“The middle class exists as a majority reality. But it is not something that can be defined on the basis of classical sociological criteria”, points out Emmanuel Rodríguez
For Rodríguez, classes were historically almost total facts before in other societies. But in societies this is no longer the case due to factors such as the extension of education, real estate or the penetration of the State with mechanisms such as public employment. “The middle class exists in that sense, when people say they are middle class they are not kidding themselves. He means that he is outside the old conflict between old and poor. That’s real,” she states.
According to the political scientist Arantxa Tiradoauthor (together with Ricardo Romero, Deny) from the book The working class does not go to paradise (Akal, 2016), the term middle class is incorrect from a Marxist theoretical perspective. “The middle class concept is more of a sociological concept where a subdivision of society is made based on income and other cultural and self-protective elements,” he says.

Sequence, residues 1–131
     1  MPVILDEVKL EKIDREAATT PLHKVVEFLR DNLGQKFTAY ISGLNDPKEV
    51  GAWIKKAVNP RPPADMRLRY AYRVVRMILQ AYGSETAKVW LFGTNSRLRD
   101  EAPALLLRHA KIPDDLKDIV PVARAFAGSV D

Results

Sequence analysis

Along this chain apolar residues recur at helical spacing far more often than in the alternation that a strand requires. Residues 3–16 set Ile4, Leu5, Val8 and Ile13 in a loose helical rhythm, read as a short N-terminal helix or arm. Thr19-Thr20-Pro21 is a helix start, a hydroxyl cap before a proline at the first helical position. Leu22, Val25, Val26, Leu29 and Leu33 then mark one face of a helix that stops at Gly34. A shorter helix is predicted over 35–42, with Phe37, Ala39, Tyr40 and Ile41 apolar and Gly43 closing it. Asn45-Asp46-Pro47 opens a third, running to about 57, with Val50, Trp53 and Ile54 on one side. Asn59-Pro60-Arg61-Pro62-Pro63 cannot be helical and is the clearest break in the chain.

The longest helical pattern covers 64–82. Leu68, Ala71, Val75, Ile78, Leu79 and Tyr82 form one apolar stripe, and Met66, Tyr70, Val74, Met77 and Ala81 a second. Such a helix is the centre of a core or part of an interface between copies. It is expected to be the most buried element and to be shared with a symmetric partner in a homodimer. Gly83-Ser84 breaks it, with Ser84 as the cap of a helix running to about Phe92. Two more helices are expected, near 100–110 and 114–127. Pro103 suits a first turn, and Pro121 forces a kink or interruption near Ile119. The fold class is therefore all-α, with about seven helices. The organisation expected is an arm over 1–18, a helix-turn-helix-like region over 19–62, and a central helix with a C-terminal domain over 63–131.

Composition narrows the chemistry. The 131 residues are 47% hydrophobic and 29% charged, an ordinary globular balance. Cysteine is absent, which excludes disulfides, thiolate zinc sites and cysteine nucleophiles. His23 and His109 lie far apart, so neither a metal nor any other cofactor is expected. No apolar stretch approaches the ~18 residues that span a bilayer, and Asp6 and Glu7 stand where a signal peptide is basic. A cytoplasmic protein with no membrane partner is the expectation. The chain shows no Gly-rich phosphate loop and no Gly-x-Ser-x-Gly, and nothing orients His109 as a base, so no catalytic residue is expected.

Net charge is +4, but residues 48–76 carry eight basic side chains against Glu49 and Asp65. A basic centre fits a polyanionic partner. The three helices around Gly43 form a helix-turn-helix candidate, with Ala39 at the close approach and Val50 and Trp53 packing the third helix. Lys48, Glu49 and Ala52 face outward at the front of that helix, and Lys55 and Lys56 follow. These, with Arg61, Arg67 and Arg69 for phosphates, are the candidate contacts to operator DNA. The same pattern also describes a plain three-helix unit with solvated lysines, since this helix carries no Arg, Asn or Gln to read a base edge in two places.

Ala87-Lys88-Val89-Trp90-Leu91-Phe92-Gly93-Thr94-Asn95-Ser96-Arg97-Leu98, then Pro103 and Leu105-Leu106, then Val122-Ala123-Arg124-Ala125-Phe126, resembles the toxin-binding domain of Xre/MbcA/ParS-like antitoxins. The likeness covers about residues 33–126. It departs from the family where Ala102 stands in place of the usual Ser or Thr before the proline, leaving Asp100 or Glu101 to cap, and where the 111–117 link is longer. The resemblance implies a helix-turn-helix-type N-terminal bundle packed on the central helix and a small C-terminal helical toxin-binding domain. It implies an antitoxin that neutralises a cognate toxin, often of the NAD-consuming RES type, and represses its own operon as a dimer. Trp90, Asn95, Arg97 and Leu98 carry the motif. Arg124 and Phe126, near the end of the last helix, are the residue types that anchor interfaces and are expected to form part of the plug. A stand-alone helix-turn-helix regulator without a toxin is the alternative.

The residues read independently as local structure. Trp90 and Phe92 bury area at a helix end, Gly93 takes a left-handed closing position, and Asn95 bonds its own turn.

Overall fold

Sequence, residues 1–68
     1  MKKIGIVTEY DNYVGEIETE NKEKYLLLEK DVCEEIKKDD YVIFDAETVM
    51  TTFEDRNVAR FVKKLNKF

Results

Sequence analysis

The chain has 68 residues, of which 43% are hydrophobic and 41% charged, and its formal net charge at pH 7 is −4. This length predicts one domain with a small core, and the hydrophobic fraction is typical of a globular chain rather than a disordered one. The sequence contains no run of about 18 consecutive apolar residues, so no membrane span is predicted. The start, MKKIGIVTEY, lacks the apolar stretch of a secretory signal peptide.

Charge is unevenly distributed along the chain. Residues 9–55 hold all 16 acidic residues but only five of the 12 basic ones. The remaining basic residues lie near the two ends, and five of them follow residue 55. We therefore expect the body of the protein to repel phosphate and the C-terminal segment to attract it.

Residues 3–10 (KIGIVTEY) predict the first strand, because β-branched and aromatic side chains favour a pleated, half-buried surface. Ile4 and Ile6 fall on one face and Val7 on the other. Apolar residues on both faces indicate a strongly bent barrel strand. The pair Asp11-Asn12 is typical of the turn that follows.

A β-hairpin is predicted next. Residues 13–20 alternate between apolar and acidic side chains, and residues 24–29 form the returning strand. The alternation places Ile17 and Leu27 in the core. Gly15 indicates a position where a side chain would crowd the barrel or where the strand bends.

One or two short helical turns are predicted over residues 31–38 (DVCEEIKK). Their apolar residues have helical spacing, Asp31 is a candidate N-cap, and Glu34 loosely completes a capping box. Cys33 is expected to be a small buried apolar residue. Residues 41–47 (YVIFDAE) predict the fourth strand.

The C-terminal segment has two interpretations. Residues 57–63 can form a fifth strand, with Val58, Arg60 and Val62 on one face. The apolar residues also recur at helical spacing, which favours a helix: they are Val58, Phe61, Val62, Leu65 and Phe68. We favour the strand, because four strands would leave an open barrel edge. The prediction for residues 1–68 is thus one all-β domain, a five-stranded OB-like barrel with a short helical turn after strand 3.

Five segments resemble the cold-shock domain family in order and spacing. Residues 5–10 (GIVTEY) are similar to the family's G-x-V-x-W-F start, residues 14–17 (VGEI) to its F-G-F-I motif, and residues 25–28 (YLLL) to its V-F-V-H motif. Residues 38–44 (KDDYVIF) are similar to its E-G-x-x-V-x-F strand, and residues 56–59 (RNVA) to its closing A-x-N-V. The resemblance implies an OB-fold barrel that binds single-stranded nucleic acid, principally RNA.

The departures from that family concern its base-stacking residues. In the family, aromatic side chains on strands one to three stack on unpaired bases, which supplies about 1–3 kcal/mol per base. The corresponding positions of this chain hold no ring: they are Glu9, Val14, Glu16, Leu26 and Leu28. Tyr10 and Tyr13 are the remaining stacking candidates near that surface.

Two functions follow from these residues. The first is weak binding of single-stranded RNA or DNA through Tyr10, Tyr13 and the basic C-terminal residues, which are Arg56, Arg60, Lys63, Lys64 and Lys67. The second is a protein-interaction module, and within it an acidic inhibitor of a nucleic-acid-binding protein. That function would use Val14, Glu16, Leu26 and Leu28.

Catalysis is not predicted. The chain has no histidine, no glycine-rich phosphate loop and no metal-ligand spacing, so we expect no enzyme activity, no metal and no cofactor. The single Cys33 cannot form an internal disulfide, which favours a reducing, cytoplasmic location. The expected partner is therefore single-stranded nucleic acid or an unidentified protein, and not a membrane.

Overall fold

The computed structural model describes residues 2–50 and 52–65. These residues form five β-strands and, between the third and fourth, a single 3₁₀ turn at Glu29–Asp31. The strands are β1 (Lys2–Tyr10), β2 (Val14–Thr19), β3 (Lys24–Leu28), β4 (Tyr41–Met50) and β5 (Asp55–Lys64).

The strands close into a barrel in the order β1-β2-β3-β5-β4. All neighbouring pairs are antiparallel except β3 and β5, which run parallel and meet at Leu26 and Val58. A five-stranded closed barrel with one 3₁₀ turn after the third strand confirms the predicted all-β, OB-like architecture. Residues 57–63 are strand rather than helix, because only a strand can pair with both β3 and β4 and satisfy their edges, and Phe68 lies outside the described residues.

“Middle class has always been used in politics as a way to make people identify with a term that is not in the polarization between class and low or high. It cannot be denied that although there is so much propaganda to make the working class invisible Many people still identify with that term. Since they cannot deny a whole process of impoverishment of the working class that has lost rights, income and purchasing power, they have to put what is worker to broaden the spectrum,” he adds.
George Lake, professor of Political Theory at the Carlos III University, considers that “from a sociological point of view, the working middle class means nothing.” “But, of course, one would have to ask if sociological categories describe reality or simply construct it,” he says.